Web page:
The fixed line telephone has been with us for over one hundred years, and while its function has remained basically the same, its form has changed dramatically. From bulky wall-mounted devices with separate speakers and microphones, to the classic blocky plastic wedge, to sleek cordless units, the landline has been through many redesigns.
Interestingly, despite being smaller and easier to use than ever, ownership and use of landline phones are on decline throughout Australia. In 2013, the Australian Communications and Media Authority found that only 75% of the population owned a landline, down from 88% in 2009. This is a decline of 13%, exactly the same proportion as the growth in Australians who only use a mobile phone, up from 12% in 2009 to 25% in 2013. Meanwhile, only 7% of people now only have access to a landline.
Canstar Blue’s latest survey of phone usage puts the number of Australians owning a landline at an even lesser proportion, with just 64% of the 1,736 survey respondents having a landline in their home. It is the younger generations driving this trend, with only one-third of Gen Ys (35%) having a landline in their home, compared to more than three-quarters (77%) of Boomers surveyed. Gen X were squarely on the fence, with exactly 50% of survey respondents having a landline in their home.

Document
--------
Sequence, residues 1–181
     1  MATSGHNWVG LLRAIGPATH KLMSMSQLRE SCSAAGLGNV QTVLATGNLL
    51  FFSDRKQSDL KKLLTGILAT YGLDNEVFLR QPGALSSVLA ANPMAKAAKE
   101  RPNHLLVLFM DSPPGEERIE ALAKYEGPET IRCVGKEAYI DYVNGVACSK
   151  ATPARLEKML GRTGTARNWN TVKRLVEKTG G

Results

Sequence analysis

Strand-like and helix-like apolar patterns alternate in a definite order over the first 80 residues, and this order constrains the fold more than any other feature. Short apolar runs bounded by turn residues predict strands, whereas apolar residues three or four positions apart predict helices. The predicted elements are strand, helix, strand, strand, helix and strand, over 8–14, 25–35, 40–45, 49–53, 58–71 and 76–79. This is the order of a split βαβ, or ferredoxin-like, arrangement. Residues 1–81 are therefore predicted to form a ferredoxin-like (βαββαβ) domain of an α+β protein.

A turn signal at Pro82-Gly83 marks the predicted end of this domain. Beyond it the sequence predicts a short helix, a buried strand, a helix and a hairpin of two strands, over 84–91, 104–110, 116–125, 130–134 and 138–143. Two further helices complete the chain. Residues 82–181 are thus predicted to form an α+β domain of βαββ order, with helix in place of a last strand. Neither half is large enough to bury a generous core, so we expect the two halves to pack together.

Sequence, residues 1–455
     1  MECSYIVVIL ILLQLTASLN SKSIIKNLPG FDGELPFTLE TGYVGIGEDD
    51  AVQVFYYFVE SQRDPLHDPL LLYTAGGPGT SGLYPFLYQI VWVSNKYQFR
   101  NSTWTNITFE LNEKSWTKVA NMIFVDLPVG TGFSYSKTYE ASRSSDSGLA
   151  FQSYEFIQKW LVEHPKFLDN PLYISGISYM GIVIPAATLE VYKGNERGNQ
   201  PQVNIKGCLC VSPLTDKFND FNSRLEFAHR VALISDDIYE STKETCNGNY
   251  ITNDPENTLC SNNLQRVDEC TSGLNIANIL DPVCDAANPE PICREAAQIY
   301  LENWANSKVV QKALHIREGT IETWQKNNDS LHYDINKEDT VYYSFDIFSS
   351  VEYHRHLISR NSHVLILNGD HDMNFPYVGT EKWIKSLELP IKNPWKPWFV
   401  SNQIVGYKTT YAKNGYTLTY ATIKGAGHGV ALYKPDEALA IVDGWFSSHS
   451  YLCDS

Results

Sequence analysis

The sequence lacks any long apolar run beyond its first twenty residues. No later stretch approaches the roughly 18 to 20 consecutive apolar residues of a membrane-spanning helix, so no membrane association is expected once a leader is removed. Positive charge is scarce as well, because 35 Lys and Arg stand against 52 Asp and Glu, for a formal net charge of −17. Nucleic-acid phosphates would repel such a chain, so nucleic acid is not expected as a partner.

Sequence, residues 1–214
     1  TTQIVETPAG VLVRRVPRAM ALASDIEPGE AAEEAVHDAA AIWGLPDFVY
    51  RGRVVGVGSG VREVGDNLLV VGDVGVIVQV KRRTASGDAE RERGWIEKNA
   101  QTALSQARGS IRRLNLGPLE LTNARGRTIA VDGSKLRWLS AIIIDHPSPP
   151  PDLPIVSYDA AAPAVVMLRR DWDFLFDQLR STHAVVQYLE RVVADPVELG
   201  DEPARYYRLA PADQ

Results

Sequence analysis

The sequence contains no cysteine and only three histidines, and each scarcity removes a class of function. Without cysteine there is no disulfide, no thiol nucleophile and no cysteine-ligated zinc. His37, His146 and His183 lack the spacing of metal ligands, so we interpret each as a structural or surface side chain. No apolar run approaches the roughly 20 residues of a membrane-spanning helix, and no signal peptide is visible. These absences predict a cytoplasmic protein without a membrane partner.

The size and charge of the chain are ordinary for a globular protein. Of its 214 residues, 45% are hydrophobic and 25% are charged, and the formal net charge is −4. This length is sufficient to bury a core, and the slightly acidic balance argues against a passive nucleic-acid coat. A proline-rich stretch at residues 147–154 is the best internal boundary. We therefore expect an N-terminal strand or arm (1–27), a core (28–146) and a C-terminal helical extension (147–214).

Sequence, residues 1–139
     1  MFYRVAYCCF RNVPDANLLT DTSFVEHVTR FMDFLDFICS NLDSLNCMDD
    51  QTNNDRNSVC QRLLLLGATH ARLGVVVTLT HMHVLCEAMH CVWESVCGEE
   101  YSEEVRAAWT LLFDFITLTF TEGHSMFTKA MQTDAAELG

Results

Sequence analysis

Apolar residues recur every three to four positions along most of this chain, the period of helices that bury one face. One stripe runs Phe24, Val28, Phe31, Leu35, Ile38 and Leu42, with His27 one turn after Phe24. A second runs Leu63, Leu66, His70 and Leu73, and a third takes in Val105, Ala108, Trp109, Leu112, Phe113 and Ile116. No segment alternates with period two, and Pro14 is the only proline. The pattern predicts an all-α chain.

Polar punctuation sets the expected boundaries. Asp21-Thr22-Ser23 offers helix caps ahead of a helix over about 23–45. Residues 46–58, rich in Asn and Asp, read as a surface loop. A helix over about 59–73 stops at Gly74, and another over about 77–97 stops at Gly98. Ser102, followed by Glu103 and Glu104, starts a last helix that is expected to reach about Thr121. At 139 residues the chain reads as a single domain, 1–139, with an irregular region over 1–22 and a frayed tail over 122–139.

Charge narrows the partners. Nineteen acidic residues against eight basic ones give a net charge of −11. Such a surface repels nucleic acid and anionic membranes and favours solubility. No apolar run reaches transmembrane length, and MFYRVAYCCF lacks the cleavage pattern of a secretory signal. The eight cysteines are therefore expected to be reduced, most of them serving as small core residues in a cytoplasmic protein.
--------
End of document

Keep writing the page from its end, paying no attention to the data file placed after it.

As mentioned above, this dramatic decrease in the use of landlines, known as ‘cord-cutting’ has been overwhelmingly driven by younger Australians, mostly between the ages of 18 to 34. Conversely, the diminishing numbers of people who only use a landline are predominantly over 65 years old, with no real differences between males and females. If trends continue, it’s not impossible to imagine a time when no one uses a fixed line phone for personal reasons, though that is still a fair way off.
As the uptake and use of mobile phones increases, and the ownership of landlines decreases, it will become increasingly important for older Australians to be smart-phone savvy, particularly for keeping in touch with children and grandchildren. Even email is passé for Gen Zs – let alone picking up a handset! Facebook, Instagram and Tumblr – keeping in touch with the lives of grandchildren is likely to be more social media than social.